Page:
obviously tomic is not using the power of explosive shoulder blade elevation but he is compensating with other things. so not ideal but he can make it happen. very few can. so not recommended.
     
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  4. luvforty

    luvforty Banned

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    he has a lot of shoulder swing, but not as much core rotation as most other ATP guys... notice at trophy he's lot more open than most in ATP.

    more of a WTA style serve.. maybe more prone to shoulder issues.
     
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  5. SystemicAnomaly

    SystemicAnomaly G.O.A.T.

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    A high elbow position at the trophy such as this is possibly/probably worse than an elbow position that is too low. This high position puts added stress to the shoulder/rotator muscles. I have provided a couple of links on this subject previously in (at least) 2 other threads. Ideally, the elbow should be directly in line with the shoulder tilt to minimize stress to the racket shoulder. This is probably optimal for the mechanics of the serve as well.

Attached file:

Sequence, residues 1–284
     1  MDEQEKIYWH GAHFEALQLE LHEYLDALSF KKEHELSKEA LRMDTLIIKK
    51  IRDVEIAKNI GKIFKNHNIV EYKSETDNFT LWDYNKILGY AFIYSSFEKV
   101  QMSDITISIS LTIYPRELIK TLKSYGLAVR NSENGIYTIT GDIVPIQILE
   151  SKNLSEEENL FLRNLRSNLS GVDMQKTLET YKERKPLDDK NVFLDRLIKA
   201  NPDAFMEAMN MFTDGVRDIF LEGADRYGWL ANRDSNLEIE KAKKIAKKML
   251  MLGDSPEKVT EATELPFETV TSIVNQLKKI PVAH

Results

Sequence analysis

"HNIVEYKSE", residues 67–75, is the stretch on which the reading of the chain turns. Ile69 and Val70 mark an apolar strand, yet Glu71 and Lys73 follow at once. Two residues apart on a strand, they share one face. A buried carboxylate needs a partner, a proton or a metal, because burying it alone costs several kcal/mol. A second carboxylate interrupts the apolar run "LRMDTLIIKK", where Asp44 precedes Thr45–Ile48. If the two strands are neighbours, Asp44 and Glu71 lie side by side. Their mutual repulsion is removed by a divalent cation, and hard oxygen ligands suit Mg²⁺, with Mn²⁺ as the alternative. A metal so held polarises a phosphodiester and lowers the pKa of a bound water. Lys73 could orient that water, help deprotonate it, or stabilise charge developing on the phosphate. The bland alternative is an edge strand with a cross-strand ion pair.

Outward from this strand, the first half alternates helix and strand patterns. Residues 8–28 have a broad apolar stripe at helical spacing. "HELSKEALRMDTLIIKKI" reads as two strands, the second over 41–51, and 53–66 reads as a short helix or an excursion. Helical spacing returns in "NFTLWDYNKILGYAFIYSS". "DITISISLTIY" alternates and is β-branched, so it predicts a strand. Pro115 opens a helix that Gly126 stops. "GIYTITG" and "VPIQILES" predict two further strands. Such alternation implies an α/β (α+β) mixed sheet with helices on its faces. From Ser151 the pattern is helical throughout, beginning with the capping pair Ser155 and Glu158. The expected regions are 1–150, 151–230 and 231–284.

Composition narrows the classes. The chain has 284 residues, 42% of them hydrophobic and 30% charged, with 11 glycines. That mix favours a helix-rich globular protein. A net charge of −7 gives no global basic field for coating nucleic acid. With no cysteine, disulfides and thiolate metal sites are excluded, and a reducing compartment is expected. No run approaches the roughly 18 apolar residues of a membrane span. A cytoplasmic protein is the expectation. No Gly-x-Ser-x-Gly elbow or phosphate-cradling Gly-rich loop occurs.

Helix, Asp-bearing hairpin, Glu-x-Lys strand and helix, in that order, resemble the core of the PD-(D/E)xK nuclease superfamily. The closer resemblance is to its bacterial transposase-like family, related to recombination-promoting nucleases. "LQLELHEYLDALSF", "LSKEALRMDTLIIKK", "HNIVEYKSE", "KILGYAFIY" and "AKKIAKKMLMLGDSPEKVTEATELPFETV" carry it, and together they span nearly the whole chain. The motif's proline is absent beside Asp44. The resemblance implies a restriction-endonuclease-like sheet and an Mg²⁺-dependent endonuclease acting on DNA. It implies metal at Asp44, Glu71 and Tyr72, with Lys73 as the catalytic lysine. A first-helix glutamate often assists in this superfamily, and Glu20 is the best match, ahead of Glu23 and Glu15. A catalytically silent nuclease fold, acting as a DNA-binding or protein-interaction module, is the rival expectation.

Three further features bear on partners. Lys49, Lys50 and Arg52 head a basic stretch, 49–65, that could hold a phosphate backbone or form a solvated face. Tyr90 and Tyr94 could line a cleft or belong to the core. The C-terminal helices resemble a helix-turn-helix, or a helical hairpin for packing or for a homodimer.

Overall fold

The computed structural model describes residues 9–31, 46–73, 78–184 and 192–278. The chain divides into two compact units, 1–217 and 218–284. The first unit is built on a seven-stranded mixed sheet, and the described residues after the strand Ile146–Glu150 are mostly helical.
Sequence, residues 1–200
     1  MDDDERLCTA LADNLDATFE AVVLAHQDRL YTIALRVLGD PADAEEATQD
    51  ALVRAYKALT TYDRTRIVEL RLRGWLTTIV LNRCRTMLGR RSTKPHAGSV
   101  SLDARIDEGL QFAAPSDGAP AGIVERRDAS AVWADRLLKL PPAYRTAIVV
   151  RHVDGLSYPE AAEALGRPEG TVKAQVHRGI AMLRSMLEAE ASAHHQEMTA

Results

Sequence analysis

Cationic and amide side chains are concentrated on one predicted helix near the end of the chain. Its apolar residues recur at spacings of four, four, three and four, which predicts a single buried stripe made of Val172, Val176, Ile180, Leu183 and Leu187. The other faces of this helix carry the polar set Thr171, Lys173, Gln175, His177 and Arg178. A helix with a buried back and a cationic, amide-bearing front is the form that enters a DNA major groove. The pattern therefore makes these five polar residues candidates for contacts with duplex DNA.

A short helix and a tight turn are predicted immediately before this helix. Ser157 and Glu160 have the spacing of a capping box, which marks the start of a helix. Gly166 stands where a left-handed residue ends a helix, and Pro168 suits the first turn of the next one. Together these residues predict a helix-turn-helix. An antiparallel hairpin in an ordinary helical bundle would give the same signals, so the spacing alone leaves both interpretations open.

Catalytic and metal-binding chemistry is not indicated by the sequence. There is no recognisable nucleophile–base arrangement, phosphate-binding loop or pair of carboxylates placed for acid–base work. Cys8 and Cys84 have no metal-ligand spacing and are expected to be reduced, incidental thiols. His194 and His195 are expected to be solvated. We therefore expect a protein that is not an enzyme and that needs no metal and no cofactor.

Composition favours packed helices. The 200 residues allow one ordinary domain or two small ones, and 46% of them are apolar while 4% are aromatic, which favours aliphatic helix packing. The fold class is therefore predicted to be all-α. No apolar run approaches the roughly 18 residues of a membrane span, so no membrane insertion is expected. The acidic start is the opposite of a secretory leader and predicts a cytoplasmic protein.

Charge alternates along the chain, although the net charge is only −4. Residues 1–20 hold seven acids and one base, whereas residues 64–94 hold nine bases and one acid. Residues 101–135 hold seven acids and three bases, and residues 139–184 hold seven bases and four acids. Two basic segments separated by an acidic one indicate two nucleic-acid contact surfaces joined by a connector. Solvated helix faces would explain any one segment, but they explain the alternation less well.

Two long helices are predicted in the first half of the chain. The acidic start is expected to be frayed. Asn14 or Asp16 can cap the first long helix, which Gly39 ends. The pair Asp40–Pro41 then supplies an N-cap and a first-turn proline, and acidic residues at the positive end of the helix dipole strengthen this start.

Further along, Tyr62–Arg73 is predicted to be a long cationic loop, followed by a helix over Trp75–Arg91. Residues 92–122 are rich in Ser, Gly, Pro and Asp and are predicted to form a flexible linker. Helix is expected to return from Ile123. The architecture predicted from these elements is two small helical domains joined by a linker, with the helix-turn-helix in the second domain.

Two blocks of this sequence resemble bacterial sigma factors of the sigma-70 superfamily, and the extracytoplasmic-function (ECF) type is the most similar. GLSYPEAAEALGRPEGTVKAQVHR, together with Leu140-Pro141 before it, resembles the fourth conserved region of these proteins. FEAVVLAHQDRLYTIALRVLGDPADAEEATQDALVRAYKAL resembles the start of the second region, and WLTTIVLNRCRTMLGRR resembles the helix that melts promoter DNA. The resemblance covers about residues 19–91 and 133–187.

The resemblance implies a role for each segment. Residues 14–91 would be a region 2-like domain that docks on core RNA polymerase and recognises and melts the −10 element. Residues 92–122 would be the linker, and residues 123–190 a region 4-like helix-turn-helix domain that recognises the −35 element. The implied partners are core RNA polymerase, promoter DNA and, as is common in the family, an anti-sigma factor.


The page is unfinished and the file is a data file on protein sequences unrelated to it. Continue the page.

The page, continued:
I will try to dig up the links mentioned in the next day or two.
     
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  6. SystemicAnomaly

    SystemicAnomaly G.O.A.T.

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    When Federer says to make sure that the elbow is high, he is not suggesting that it should be higher than the shoulder tilt line. Many servers will have the elbow down & tucked in close to the body. This is what he is referring to. Even Novak Djoko had an elbow position that was a bit on the low side prior to his stellar 2011 year. I believe that he corrected this elbow position in the latter part of 2010. This is one of the improvements to his game that allowed him to rise above his previous level. Look at Federer's own elbow position for the trophy -- it is neither too high nor too low -- it is pretty much in line with his shoulder tilt.
     
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  7. boramiNYC

    boramiNYC Hall of Fame

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    ^^^SA, that's what I meant.
     
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  8. LeeD

    LeeD Bionic Poster